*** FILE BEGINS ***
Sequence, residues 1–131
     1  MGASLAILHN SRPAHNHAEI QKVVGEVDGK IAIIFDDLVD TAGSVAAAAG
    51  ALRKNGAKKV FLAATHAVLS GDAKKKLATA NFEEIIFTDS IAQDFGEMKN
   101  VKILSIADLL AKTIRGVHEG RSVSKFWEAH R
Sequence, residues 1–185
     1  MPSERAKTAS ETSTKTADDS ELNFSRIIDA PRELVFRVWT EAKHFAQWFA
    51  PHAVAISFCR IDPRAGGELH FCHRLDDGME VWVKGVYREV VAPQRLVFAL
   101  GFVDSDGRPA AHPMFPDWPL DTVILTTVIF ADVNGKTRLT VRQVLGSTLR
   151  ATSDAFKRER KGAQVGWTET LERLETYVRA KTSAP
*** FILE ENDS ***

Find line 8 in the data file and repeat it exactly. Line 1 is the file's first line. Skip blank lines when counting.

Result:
   101  GFVDSDGRPA AHPMFPDWPL DTVILTTVIF ADVNGKTRLT VRQVLGSTLR